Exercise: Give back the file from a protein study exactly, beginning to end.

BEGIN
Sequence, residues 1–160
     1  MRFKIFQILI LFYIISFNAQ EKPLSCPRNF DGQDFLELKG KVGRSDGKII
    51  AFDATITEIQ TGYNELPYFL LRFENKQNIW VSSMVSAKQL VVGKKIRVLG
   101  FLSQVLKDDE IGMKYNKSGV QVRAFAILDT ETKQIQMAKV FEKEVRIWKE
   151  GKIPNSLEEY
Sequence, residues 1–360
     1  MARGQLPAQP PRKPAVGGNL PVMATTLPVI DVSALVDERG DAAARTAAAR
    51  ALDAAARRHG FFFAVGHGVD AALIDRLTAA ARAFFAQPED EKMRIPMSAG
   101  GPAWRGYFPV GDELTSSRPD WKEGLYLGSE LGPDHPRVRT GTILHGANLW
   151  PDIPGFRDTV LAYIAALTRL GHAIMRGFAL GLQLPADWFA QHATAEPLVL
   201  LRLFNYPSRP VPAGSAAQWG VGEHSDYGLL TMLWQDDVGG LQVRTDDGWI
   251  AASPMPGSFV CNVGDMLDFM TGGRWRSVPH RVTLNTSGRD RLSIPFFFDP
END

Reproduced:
Sequence, residues 1–160
     1  MRFKIFQILI LFYIISFNAQ EKPLSCPRNF DGQDFLELKG KVGRSDGKII
    51  AFDATITEIQ TGYNELPYFL LRFENKQNIW VSSMVSAKQL VVGKKIRVLG
   101  FLSQVLKDDE IGMKYNKSGV QVRAFAILDT ETKQIQMAKV FEKEVRIWKE
   151  GKIPNSLEEY
Sequence, residues 1–360
     1  MARGQLPAQP PRKPAVGGNL PVMATTLPVI DVSALVDERG DAAARTAAAR
    51  ALDAAARRHG FFFAVGHGVD AALIDRLTAA ARAFFAQPED EKMRIPMSAG
   101  GPAWRGYFPV GDELTSSRPD WKEGLYLGSE LGPDHPRVRT GTILHGANLW
   151  PDIPGFRDTV LAYIAALTRL GHAIMRGFAL GLQLPADWFA QHATAEPLVL
   201  LRLFNYPSRP VPAGSAAQWG VGEHSDYGLL TMLWQDDVGG LQVRTDDGWI
   251  AASPMPGSFV CNVGDMLDFM TGGRWRSVPH RVTLNTSGRD RLSIPFFFDP